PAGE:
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Congressmen are Paid to Vote for War

January 7, 2012


Congressmen regard "public service" as an opportunity to enrich themselves, their families and friends.

by David Richards

The USA is the Illuminati's military enforcer. To make sure American politicians play their role, Congressmen are allowed to own stocks in defense contractors, and make millions of dollars buying and selling them using insider knowledge.

According to reports from, in 2006, 151 members of Congress had $195.5 million invested in defense corporations. Their average net worth was $910,000 compared to $100,000 for American families in general. Over 50 range between $5 million and $190 million. John Kerry is at the top end of the scale. 

For the psychopaths on Capitol Hill, each new military escapade is a lottery windfall.


While insider trading carries hefty prison terms for common people, it is perfectly legal for US congressmen. They are free to own shares in companies that are regulated by committees they sit on.

Members of congress can trade freely using insider knowledge they have about regulations or events that could affect specific industries or the stock market as a whole, such as an economic crash, a new law... or a war.

Peter Scheizer, a researcher at Stanford University, who is writing a book on insider trading on Capitol Hill, told CBS that congressmen have a simple outlook.

'This is a venture opportunity. This is an opportunity to leverage your position in public service and use that position to enrich yourself, your friends, and your family.'

They are running a criminal enterprise in all but name.

Scheizer: "We know that during the health care debate people were trading health care stocks. We know that during the financial crisis of 2008, they were getting out of the market before the rest of America really knew what was going on."


If you are a member of Congress and you sit on a 'defense committee', you are free to trade as much defense stock as you want to. A shocking example is former presidential candidate John Kerry, who has $30 million invested in defense contractors.

Wars are planned by groups such as the Council of Foreign Relations, founded by David Rockefeller. They feature both politicians and CEO's of defense contractors.

Another group is the 'Atlantic Council'. On their website, they describe their mission as "drafting roadmaps for U.S. policy towards the Balkans, Cuba, Iraq, Iran and Libya." Corporate membership includes all four of the top four defense corporations in the country: Lockheed Martin, Boeing, Northrop Grumman, and Raytheon.

Recently General Jim Jones left his job as chairman of the Atlantic Council to work as Obama's National Security Adviser. Four other prominent officials from Obama's administration are also members: Susan Rice, Richard Holbrooke, General Eric Shinseki, and the ominously named Anne-Marie Slaughter.

Another example is the cozy relationship that existed between Northrop Grumman, the fourth largest defense corporation in the world, and the Bush administration. According to Corpwatch, at least seven former officials, consultants or shareholders of Northrop Grumman held positions in the Bush administration. Unsurprisingly, as the war on terror expanded, Northrop Grumman saw net sales of $7.6 billion in 2000 skyrocket to $34 billion by 2008.

Most defense contractors fund the Republicans and Democrats equally. During the 2008 election, Lockheed Martin gave $2,612,219 in total political campaign donations, with 49% to Democrats ($1,285,493) and 51% to Republicans ($1,325,159).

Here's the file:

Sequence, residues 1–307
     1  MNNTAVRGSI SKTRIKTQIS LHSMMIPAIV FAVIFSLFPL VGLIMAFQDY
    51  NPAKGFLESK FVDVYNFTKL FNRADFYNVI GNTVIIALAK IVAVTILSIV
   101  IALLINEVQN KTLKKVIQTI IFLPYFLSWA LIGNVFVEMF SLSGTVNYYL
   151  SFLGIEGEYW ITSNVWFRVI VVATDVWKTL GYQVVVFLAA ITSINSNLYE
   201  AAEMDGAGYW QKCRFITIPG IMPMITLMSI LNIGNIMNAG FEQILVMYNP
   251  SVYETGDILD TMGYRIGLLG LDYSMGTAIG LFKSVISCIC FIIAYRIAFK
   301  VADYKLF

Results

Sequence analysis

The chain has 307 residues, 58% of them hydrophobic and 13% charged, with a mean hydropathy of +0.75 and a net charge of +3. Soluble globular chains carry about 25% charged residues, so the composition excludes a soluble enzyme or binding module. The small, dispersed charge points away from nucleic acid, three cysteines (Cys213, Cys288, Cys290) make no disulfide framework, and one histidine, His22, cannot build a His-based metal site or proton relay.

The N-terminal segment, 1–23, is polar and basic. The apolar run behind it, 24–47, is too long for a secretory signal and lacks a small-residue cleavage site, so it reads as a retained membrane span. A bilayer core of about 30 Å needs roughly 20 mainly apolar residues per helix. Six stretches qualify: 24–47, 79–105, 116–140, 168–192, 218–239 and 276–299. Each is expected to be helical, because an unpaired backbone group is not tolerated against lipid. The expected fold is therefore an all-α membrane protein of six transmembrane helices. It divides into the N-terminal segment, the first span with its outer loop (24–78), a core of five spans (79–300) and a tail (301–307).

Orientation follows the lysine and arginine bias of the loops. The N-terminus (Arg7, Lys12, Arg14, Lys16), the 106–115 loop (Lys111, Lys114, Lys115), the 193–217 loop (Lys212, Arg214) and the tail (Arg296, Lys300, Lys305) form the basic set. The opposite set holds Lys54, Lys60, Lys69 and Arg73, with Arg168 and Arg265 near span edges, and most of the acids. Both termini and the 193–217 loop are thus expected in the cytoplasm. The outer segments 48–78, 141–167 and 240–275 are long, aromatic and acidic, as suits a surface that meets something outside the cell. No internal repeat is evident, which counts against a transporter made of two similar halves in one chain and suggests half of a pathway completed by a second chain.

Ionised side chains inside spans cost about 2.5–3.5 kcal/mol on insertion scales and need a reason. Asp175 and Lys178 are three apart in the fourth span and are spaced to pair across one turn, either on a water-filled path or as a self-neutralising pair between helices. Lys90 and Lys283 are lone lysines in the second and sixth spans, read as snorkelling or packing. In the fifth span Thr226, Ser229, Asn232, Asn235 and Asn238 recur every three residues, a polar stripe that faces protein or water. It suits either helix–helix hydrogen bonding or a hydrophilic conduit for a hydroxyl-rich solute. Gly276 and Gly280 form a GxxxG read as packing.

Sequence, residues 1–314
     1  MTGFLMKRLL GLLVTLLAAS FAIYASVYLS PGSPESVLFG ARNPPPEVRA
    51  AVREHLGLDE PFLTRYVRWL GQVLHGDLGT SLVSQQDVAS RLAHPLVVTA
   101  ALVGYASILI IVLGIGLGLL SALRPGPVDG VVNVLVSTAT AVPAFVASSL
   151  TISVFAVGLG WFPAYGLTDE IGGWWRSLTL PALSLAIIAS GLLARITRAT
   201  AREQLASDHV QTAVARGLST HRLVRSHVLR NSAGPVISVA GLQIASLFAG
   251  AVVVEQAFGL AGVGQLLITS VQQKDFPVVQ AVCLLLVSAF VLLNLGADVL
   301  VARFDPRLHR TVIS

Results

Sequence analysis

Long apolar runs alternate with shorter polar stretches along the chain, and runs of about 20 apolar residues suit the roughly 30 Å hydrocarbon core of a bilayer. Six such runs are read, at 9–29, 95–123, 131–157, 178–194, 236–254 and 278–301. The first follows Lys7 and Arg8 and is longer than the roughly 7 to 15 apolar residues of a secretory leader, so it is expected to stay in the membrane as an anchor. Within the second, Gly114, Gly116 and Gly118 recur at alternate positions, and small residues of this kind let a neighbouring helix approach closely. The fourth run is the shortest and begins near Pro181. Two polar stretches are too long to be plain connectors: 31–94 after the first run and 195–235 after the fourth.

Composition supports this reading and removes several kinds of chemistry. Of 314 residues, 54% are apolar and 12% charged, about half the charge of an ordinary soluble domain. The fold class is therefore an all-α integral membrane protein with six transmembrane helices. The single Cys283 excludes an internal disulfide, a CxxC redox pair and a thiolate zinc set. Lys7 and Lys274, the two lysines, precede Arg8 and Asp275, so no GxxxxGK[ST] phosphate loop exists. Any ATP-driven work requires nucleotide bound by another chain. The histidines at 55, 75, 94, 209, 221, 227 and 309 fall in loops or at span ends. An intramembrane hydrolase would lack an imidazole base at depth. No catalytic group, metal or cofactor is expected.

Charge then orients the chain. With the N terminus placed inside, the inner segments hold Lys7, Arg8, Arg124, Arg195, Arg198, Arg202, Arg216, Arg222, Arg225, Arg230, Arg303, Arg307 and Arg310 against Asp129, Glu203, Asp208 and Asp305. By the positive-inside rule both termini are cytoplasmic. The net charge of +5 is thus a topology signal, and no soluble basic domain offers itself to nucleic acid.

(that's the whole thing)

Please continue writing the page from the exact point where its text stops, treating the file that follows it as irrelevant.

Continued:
What is the best way to expose our political representatives affiliations with bloodthirsty corporations?

I like a solution that has been circulating online. Let's require politicians to wear their corporate sponsors on their clothing like Nascar drivers.

If Obama had to wear a racing suit with 'Lockheed Martin' emblazoned across his chest, he would look absurd espousing his rhetoric for the impending war with Iran.

The bottom line is that politicians should be banned from receiving financial contributions of any kind. Those who can demonstrate support should be publicly funded. For the cost of one battleship, we could have genuine democracy.

Instead we use "democracy" as a pretext to wage wars of aggression around the world.


David Richards is an English teacher residing in Mongolia.


Scruples - the game of moral dillemas

Comments for "Congressmen are Paid to Vote for War"

Dan said (January 8, 2012):

Conflict of interests is at the root of corruption. I haven't researched the whittling away of the safeguards but I will at some point. I don't know when it happened but it's gotten out of control during my lifetime. A gang of politicians heavily invested in the military industrial complex got away with a paradigm shift in US foreign policy to one of perpetual wars and occupations.
To solve this matter requires rooting out every tentacle and loophole enabling conflict of interest.

The first loophole that must be shut is the way the rules against conflict of interest are not retroactive. Currently, high level bureaucrats waltz from public service to corporate titles to pick up their millions in what we used to call 'kick backs'. When was the last time you heard 'conflicts of interests' or 'kick back scheme' spoken in the press?

I also say that when military generals retire, they shouldn't get to waltz into corporate titles with any corporation in the military industrial complex. I would say that any officer above the rank of Major should be barred for life from future income from military industrial complex corporations.

Henry Makow received his Ph.D. in English Literature from the University of Toronto in 1982. He welcomes your comments at